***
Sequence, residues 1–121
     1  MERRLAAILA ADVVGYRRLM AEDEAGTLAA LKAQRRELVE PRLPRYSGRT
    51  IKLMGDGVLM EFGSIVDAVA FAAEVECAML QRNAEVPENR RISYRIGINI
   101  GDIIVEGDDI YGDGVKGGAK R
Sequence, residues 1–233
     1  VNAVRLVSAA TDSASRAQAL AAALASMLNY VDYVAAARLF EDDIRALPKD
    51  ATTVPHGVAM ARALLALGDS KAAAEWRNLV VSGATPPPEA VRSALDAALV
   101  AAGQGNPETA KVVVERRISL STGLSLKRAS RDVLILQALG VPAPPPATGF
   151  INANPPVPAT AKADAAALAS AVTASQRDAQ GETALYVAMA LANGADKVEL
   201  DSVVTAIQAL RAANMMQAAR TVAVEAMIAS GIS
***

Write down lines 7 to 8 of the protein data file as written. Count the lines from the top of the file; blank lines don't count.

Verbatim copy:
    51  ATTVPHGVAM ARALLALGDS KAAAEWRNLV VSGATPPPEA VRSALDAALV
   101  AAGQGNPETA KVVVERRISL STGLSLKRAS RDVLILQALG VPAPPPATGF